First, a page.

The Deep Blue Sea, a film by Terence Davies, is adapted from a play by Terence Rattigan. Hester (Rachel Weisz) is married to a high court judge much older than her; she falls in love with a young pilot named Freddie (Tom Hiddleston) and leaves her husband for him. The film is set on a single day just after World War Two; following a failed suicide attempt, we see Hester reflect on her past relationships with both Freddie and her husband, and witness the fallout of her attempt to kill herself.
This film was very well received at this year's London Film Festival, and is being reviewed quite favourably by critics. However, a cursory glance at blogs, comment sections and forums around the net will quickly reveal a wealth of filmgoers who heartily disagree. Unfortunately (because I do hate to have to be nasty about somebody's creation) I have to add my voice to theirs. This film is limp; it's lukewarm, devoid of meaning, of passion - it's just plain boring. Well, actually, it's not 'plain' boring at all; it's utterly excruciatingly walk-out-of-the-cinema boring. I haven't been tempted to walk out of a theatre for a long time. I never do actually walk out; it's one of my rules. But today I came bloody close.
The Deep Blue Sea tries desperately to be a much better film than it is, and, clearly, thinks that it has succeeded - essentially, it has delusions of grandeur. The script, adapted by Davies from Rattigan's play, is terrible. Having not read or seen the play, I can't tell whether that is Davies' fault or Rattigan's. The three main characters are supposed to be going through a harrowing emotional experience, and indeed they do seem to be ardently trying to give that impression, what with constantly stating the obvious and announcing their feelings to the world at large. People who are suicidal, people who are in love, people who are angsty and depressed, do not just walk into rooms and tell everybody what they're feeling. It never gets quite as bad as Hester turning to Freddie and saying 'Yes, darling, I'm afraid I'm a tad suicidal, although I still love you like billy-o', but it's almost as bad.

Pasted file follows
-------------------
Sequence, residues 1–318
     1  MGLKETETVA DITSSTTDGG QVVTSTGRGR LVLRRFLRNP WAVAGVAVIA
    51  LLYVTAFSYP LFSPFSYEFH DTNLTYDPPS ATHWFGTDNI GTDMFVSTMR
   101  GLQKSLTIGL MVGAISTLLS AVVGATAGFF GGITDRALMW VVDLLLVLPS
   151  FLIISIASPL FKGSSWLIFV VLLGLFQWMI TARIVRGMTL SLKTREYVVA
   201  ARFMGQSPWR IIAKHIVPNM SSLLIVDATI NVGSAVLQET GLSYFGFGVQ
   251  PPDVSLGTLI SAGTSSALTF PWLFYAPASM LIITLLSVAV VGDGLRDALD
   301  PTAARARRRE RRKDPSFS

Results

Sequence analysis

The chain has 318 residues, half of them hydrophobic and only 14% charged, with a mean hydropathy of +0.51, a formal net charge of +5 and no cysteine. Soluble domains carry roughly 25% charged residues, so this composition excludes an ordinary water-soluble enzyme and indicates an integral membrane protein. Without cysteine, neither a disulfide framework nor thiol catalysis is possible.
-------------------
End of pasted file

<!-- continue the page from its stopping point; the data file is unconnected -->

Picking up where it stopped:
The bland and unbelievable script is compounded by the bland and unbelievable performances delivered by Weisz and Hiddleston. Not for one second did I buy that these two were in love. In every scene they gave the distinct impression of people pretending to be people, which is of course what they are, but the viewer is not supposed to notice that. The viewer cannot believe in these characters, and so also cannot believe in their emotions, their motives or their story. As far as actors are concerned, if you can't even portray such a strong and direct emotion as love realistically, it's time to fall on your wooden sword. In The Deep Blue Sea, the end result is stilted beyond belief, and almost childish in its ineptness.
In fact, this whole film has a childish air about it, and not in a good way. Films are fake; they are a manufactured and carefully created fake reality. The whole idea is to make the viewer forget that fact, to make them 'buy' the story, to make them believe in the fiction. The Deep Blue Sea fails miserably at this challenge; it looks like something pretending to be something, the cinematic equivalent of kids playing at cops and robbers. I was ready to be impressed by this film, but I ended up just examining my fingernails and hoping that it would all be over soon. I can't in good conscience advise anyone to go to see it; the risk of slipping into a coma is just too high.